WO2015108554A1 - Penetration barrier for additive manufacturing - Google Patents

Penetration barrier for additive manufacturing Download PDF

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Publication number
WO2015108554A1
WO2015108554A1 PCT/US2014/034315 US2014034315W WO2015108554A1 WO 2015108554 A1 WO2015108554 A1 WO 2015108554A1 US 2014034315 W US2014034315 W US 2014034315W WO 2015108554 A1 WO2015108554 A1 WO 2015108554A1
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WO
WIPO (PCT)
Prior art keywords
layer
build material
form
barrier
agent
Prior art date
Application number
PCT/US2014/034315
Other languages
French (fr)
Inventor
Sergio PUIGARDEU ARAMENDIA
Alejandro Manuel De Pena
Sebastia CORTES HERMS
Original Assignee
Hewlett-Packard Development Company, L.P.
Priority date (The priority date is an assumption and is not a legal conclusion. Google has not performed a legal analysis and makes no representation as to the accuracy of the date listed.)
Filing date
Publication date
Priority to EPPCT/EP2014/050841 priority Critical
Priority to PCT/EP2014/050841 priority patent/WO2015106816A1/en
Application filed by Hewlett-Packard Development Company, L.P. filed Critical Hewlett-Packard Development Company, L.P.
Priority to PCT/US2014/034315 priority patent/WO2015108554A1/en
Priority claimed from GB1611663.4A external-priority patent/GB2537545A/en
Publication of WO2015108554A1 publication Critical patent/WO2015108554A1/en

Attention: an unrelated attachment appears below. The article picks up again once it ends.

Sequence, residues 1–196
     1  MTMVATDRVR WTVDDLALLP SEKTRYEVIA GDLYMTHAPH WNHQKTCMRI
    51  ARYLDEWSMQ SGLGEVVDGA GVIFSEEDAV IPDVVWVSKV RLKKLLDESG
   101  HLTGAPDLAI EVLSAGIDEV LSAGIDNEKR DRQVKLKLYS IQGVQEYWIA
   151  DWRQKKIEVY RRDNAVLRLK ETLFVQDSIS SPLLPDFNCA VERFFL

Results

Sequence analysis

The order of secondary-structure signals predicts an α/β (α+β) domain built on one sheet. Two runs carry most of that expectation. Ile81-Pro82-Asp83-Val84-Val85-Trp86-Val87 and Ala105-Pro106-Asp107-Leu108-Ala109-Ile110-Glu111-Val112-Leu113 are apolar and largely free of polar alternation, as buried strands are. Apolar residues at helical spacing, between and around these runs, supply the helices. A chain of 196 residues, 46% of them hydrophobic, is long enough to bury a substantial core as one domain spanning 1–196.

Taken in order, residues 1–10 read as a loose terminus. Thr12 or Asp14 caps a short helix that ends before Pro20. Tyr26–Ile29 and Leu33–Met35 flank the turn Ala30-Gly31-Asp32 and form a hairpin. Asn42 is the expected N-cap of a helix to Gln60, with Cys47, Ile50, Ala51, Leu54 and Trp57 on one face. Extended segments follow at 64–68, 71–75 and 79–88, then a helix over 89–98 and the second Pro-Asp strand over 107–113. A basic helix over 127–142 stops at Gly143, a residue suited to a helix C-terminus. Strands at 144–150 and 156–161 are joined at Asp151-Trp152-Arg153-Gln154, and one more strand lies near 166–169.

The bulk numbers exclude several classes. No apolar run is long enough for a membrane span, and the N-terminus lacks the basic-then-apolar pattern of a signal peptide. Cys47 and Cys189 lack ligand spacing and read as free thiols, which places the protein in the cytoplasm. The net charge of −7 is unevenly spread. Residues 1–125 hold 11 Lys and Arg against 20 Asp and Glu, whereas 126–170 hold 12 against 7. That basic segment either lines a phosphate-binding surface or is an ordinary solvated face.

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Classifications

    • B29C67/0092
    • BPERFORMING OPERATIONS; TRANSPORTING
    • B29WORKING OF PLASTICS; WORKING OF SUBSTANCES IN A PLASTIC STATE IN GENERAL
    • B29CSHAPING OR JOINING OF PLASTICS; SHAPING OF MATERIAL IN A PLASTIC STATE, NOT OTHERWISE PROVIDED FOR; AFTER-TREATMENT OF THE SHAPED PRODUCTS, e.g. REPAIRING
    • B29C64/00Additive manufacturing, i.e. manufacturing of three-dimensional [3D] objects by additive deposition, additive agglomeration or additive layering, e.g. by 3D printing, stereolithography or selective laser sintering
    • BPERFORMING OPERATIONS; TRANSPORTING
    • B29WORKING OF PLASTICS; WORKING OF SUBSTANCES IN A PLASTIC STATE IN GENERAL
    • B29CSHAPING OR JOINING OF PLASTICS; SHAPING OF MATERIAL IN A PLASTIC STATE, NOT OTHERWISE PROVIDED FOR; AFTER-TREATMENT OF THE SHAPED PRODUCTS, e.g. REPAIRING
    • B29C64/00Additive manufacturing, i.e. manufacturing of three-dimensional [3D] objects by additive deposition, additive agglomeration or additive layering, e.g. by 3D printing, stereolithography or selective laser sintering
    • B29C64/10Processes of additive manufacturing
    • B29C64/165Processes of additive manufacturing using a combination of solid and fluid materials, e.g. a powder selectively bound by a liquid binder, catalyst, inhibitor or energy absorber
    • BPERFORMING OPERATIONS; TRANSPORTING
    • B29WORKING OF PLASTICS; WORKING OF SUBSTANCES IN A PLASTIC STATE IN GENERAL
    • B29CSHAPING OR JOINING OF PLASTICS; SHAPING OF MATERIAL IN A PLASTIC STATE, NOT OTHERWISE PROVIDED FOR; AFTER-TREATMENT OF THE SHAPED PRODUCTS, e.g. REPAIRING
    • B29C64/00Additive manufacturing, i.e. manufacturing of three-dimensional [3D] objects by additive deposition, additive agglomeration or additive layering, e.g. by 3D printing, stereolithography or selective laser sintering
    • B29C64/30Auxiliary operations or equipment
    • B29C64/386Data acquisition or data processing for additive manufacturing
    • BPERFORMING OPERATIONS; TRANSPORTING
    • B29WORKING OF PLASTICS; WORKING OF SUBSTANCES IN A PLASTIC STATE IN GENERAL